The announcement of the first detection of stormy gravitational waves from a pair of black holes that merged over a billion years ago marks a very special place in human history. It is, of course, a supreme technological triumph and a remarkable verification of general relativity - a theory born from human curiosity and deep insight about the natural world. But as much as this moment is the start of a scientific revolution, it is also a point for critical self-examination.

Past accomplishments in our scientific pursuit for truths about the universe have included the detection of radio waves, gamma-rays, X-rays, ultraviolet light, infrared light, and many other parts of the electromagnetic spectrum. We've also sensed neutrinos and high-energy cosmic rays, pure interplanetary magnetic fields, and straightforward gravitational fields.

Yet there's something that just feels different about gravitational waves; the rippling compression and stretching of space and time. It is as if we've succeeded in peering into the underworld, or under-verse. We've taken a step into the fundamental structure of reality, akin to peering through the great microscopes of particle accelerators, where fleeting subatomic components and forces reveal themselves. Somehow though, the character of this new realm is far more visceral. Perhaps it's because the ancient gravitational waves that passed through Earth in September 2015, and all those that have done so before, are not confined to a narrow tube in an experiment. Instead they're washing through us, our planet, and our solar system and tweaking the apparent bedrock of space and time in the process.

And now we've let ourselves into that secret room, where there are new mysteries to discover about the nature of the cosmos. Therefore it is conceivable that this capability marks an even greater turning point. A species that can make these measurements - that can even conceive of making these measurements - could be very special indeed. Have there been, will there be, or are there now, other intelligences in the universe that reach this juncture?

It's tempting to wonder if we might have put another brick on our path to cosmic greatness. Perhaps our species' next steps really do lie among the stars, or in a technologically brilliant future of artificial life and transcendence from our temporarily puny brains. A breathless and uplifting trajectory could await.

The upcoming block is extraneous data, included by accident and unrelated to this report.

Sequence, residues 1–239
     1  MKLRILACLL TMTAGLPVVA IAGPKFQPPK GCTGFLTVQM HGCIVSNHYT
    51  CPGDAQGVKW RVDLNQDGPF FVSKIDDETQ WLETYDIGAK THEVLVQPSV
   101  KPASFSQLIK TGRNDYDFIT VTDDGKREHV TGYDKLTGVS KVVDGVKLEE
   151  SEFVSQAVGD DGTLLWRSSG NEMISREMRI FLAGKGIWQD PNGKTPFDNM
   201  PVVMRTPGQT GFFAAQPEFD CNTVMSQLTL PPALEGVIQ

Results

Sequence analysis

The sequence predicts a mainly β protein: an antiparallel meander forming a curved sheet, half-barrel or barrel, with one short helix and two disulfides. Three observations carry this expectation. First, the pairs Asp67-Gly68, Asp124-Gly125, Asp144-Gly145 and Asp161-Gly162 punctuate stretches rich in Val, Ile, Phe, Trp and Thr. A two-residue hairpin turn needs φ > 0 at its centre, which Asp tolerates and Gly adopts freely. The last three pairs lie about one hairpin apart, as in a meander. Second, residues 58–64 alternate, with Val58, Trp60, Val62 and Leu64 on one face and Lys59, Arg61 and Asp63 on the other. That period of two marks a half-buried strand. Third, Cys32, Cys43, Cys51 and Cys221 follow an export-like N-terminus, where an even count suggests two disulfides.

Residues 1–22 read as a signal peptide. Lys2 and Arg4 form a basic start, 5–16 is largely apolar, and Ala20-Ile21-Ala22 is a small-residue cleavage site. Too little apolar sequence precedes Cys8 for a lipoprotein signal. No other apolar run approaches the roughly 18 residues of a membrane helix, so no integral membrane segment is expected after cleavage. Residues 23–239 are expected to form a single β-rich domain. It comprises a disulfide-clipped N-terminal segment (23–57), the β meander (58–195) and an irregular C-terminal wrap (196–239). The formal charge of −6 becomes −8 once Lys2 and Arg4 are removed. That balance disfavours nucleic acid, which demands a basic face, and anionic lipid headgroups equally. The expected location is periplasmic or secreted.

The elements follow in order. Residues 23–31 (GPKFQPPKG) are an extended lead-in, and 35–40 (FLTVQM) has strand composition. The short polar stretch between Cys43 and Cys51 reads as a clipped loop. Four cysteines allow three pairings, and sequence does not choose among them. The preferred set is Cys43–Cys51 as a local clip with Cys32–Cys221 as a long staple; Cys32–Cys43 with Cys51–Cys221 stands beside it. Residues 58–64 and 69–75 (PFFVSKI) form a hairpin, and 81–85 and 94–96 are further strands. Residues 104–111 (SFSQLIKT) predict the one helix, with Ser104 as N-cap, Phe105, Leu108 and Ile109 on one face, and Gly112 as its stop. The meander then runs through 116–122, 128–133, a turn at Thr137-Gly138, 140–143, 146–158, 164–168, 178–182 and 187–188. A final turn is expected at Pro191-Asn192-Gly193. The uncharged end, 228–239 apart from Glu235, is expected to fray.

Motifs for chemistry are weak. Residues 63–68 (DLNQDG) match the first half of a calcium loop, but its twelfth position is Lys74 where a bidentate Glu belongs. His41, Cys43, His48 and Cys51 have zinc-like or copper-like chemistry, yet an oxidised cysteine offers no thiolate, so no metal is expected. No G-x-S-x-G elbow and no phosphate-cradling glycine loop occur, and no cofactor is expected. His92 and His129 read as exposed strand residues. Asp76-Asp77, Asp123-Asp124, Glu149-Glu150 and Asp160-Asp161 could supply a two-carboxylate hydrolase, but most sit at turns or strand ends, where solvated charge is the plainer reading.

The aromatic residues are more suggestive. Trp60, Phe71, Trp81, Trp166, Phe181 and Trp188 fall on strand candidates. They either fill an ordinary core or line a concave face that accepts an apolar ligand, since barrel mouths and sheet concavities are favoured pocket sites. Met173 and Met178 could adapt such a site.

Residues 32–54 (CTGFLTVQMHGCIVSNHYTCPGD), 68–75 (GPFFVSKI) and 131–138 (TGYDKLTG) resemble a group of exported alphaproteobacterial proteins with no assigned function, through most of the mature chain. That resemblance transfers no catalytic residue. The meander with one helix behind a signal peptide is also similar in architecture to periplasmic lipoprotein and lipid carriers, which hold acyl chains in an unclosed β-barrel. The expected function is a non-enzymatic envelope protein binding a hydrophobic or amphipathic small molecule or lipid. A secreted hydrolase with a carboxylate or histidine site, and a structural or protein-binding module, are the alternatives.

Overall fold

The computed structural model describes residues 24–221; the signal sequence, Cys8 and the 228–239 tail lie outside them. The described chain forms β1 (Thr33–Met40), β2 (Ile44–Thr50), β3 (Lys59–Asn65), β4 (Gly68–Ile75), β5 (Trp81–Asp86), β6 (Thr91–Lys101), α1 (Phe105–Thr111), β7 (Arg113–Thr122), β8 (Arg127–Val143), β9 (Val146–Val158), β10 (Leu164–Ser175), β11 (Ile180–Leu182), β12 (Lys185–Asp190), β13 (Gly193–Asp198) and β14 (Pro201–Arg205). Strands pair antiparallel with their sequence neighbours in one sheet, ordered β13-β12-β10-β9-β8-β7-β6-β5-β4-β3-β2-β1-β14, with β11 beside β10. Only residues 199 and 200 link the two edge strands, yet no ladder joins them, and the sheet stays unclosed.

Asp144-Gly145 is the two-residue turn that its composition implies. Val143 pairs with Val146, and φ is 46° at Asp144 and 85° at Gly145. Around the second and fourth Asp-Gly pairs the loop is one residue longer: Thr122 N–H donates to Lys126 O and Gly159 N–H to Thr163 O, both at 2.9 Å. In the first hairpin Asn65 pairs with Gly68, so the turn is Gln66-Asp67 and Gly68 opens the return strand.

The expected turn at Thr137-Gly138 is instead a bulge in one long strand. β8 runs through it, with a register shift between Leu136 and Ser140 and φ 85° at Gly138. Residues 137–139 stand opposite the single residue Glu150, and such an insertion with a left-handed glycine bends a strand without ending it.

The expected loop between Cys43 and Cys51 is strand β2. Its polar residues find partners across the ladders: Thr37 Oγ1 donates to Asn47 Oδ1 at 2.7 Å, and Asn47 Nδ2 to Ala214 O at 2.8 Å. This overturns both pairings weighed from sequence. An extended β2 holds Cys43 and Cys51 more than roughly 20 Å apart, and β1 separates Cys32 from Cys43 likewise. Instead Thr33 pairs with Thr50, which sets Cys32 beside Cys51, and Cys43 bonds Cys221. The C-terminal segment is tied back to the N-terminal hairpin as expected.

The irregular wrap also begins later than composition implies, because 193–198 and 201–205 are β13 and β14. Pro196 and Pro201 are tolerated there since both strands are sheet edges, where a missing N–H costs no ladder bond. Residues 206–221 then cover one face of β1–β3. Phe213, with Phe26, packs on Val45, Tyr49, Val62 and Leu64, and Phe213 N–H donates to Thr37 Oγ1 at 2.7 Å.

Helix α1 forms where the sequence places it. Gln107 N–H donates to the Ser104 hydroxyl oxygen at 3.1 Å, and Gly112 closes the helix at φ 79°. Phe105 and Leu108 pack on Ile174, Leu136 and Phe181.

Except, there is a striking contradiction between that vision and the day-to-day state of our species.

Take a good hard look at us.

Huge numbers of humans are still impoverished, denied basic supplies like clean water or food, much less medicine and education, or happiness. Wars infect different regions of the planet. The nature of these conflicts may vary, but at their core they are all horrible, brutal, and indifferent to the needs of most civilians who end up suffering the consequences. Material and cultural wealth is spread so unevenly that we talk about the '1 percent' when we should probably actually talk about the '0.1 percent'. We're still racists, we're still misogynists, we're still looking to leaders who consistently fail us because, in truth, they're usually the last type of person who really deserves any power.

It may be that the human condition is actually the most puzzling aspect of this piece of the cosmos. It seems impossible that a species so hell bent on crawling over its own members for a place at the top of the heap could ever listen to the pulse of black hole mergers, or the thunder of distant supernova.

Yet we have managed to do precisely this. One depressing conclusion is that only such a driven and fierce species will take science and technology to this level. But there are other possibilities as well. Perhaps we are slowly crossing a threshold to a better place, and these are the last generations where survival of the few is favored. The scientific advances of the past hundred years could be signposts to that transition, where our tools will finally enable the whole species to be more equally supported. 

Or, like imagining a colony of ants using their own bodies to build a structure to reach a drop of hanging nectar, we're always going to have moments amid the mayhem where we accomplish something great before collapsing for a while longer. And although that might continue while our planet offers a temporary buffer against our pollution and appetites, we're not progressing in any genuinely consistent way.

In all scenarios though, there seems to be no real disadvantage in having aspirations to learn about the nature of the universe around us, from molecules and genes to gravitational waves. We're clearly incapable at the moment of turning into some utopian, pastoral species, and we may never wind up becoming that. But turning our backs on exploration and curiosity is definitely not going to lead to paradise either. 

And, perhaps most critically, we can find hope in these quests, and hope may be what finally lifts us to the stars.